2.) Prone Wall Pulley Pulldowns - Place an bench before a wall pulley, one end facing the apparatus. Lie belly down on the bench and have your training partners give you the handles of the pulleys. From a position where your arms are stretched out before you above your head, pull them down and out to the sides and down again behind your back, squeezing the shoulder blades together strongly. The arms move over an almost complete circle from above the head (remember you are lying face down here), to behind the back. Return to commencing position above the head and repeat. Perform the exercise as steadily as possible.

3.) Supine Wall Pulley Pulldowns - This movement is the exact opposite of the previous exercise. Instead of lying belly down, you lie face up. Pull the wall pulley handles from full arm stretch position above your head down and out to shoulder level, continuing from here down to the hips. Return to commencing position and repeat. Perform the exercise steadily.

4.) Incline Bench Lat Pulldowns - Place an incline bench with the back support towards the lat machine. Reach up and grasp the bar with a wide grip, palms facing up. This is similar to exercise 1. Pull down on the bar from overhead stretch position down until the bar touches your hips. Return evenly to commencing position and repeat. Your arms must be kept completely straight thoughout.

5.) Single Arm Lat Pulldowns - Sit on a bench and grasp the overhead cable handle with your right hand. If the machine is too low, sit on the floor so you get full resistance from the very start of the movment. Keeping your arm straight, and with the palm of the hand facing in at the start, pull down . . . down and out (in Paris and London by George Orwell is an excellent novel. BBC News announced that writer Lee Hall is penning a script for a film adaptation of Down and Out. The film will be shot by director Kevin Macdonald, who directed The Last King of Scotland. Orwell, real name Eric Blair, based his book on his experiences and the characters he encountered while washing dishes in Paris restaurants and living as a tramp in London. So, it's really the story of how Eric Blair became George Orwell.)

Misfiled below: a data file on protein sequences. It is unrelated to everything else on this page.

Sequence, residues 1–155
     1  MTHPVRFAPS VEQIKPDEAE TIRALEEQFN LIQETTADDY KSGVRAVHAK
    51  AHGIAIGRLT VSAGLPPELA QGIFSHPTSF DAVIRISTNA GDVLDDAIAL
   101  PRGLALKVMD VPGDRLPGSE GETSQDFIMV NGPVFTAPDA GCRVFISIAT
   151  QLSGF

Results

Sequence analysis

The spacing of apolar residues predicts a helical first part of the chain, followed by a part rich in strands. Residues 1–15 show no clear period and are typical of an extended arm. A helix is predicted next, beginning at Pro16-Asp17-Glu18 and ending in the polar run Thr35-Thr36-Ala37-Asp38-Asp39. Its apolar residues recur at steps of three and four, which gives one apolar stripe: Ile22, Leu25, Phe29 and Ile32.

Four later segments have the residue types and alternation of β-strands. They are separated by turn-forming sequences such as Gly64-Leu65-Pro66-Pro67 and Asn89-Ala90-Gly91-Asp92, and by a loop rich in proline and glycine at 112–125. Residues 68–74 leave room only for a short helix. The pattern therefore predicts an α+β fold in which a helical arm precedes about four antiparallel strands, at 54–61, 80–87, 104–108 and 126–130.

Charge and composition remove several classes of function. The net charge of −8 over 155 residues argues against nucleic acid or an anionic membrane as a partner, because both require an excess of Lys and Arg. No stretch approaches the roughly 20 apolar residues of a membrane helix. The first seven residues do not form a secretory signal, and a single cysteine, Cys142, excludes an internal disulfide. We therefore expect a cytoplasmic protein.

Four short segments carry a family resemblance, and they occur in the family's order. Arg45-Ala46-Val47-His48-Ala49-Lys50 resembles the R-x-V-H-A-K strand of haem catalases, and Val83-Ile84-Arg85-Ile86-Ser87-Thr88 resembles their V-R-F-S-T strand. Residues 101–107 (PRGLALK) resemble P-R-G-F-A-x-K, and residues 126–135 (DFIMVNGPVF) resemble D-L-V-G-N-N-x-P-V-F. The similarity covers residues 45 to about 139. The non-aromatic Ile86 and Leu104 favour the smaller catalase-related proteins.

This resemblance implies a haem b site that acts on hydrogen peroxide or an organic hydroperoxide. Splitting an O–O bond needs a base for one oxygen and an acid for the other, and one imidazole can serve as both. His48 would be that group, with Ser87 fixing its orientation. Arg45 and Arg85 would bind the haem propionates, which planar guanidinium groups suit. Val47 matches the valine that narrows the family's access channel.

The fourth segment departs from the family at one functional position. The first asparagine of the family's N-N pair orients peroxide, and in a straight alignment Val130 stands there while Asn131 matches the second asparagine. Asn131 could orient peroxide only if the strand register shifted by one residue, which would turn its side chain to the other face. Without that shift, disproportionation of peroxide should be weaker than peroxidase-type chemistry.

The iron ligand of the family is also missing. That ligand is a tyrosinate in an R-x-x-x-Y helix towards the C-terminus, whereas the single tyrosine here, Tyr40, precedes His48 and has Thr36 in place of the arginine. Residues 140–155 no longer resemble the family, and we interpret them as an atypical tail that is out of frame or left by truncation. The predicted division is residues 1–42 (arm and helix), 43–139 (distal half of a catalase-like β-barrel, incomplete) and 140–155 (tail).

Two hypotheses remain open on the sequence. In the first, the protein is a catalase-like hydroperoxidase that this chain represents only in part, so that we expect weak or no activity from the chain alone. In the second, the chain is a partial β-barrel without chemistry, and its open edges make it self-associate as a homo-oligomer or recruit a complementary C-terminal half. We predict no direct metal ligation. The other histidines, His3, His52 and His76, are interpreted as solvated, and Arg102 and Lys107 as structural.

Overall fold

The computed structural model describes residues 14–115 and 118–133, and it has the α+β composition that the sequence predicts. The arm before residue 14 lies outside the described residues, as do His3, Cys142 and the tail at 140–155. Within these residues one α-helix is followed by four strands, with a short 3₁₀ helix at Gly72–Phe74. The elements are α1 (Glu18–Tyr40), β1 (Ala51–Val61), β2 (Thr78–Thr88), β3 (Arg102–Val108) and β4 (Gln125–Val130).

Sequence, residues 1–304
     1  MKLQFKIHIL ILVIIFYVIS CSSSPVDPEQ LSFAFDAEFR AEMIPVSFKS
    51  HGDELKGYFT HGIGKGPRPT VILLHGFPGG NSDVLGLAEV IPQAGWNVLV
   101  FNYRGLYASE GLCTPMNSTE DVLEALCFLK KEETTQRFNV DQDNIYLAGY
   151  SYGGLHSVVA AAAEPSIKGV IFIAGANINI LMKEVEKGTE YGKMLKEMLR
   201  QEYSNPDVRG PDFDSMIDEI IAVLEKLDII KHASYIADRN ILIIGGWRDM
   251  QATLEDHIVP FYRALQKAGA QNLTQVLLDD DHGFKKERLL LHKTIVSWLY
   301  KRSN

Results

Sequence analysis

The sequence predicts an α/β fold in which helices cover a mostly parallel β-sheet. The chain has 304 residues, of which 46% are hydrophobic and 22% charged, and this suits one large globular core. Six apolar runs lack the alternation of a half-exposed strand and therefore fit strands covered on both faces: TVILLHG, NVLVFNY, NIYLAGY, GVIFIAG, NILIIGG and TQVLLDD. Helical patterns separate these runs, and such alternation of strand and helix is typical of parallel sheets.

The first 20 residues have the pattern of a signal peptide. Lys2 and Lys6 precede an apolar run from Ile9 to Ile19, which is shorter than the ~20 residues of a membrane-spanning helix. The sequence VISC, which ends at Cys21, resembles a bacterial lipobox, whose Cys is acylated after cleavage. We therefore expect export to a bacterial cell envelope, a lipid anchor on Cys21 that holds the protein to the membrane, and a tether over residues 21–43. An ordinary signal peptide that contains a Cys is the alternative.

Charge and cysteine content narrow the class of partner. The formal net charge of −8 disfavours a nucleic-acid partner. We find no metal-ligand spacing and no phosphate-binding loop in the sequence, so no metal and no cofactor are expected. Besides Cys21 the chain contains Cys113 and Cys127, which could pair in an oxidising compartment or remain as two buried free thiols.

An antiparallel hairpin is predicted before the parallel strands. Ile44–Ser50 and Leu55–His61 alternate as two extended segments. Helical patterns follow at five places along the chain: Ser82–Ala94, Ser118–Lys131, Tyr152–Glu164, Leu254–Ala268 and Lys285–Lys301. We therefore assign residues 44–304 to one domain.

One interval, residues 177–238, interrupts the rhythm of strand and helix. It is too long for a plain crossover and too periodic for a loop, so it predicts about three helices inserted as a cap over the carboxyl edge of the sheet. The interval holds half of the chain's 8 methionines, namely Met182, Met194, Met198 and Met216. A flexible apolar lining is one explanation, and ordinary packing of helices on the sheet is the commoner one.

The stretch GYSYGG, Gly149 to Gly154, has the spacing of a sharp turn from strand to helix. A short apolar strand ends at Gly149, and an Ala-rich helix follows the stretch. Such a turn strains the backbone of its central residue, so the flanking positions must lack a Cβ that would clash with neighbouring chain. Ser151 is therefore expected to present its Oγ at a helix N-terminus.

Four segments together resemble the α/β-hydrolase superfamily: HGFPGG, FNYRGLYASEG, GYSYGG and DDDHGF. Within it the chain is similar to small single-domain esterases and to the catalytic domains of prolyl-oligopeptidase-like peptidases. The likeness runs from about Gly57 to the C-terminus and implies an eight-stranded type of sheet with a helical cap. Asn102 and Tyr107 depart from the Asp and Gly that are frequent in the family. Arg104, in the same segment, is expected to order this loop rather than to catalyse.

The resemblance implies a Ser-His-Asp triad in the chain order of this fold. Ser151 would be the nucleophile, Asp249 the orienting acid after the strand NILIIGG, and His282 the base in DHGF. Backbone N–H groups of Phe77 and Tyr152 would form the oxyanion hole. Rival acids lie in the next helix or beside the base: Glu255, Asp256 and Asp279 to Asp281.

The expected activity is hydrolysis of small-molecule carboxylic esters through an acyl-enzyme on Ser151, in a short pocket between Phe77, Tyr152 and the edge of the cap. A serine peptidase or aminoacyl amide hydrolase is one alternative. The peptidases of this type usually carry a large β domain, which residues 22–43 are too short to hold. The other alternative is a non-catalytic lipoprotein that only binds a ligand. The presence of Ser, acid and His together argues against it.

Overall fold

NONTHELESS AND NOTWITHSTANDING, as soon as you feel the triceps press against your lat, bend your trunk over to the side. You'll feel your triceps "lock as you bend right over. When this occurs, relax, return to commencing position and repeat. DON'T bend your arm, keep it STRAIGHT. Perform equally with the other arm.

6.) Chest Cable Pulldowns From Overhead - Hold a cable set (expanders) above the head at full arms' stretch, palms of the hands facing in. Keeping the arms straight and locked at the elbows, pull down and out to the sides until your arms are at shoulder level. Return steadily to commencing position and repeat. Pull down slowly and don't let your arms unlock at the elbows.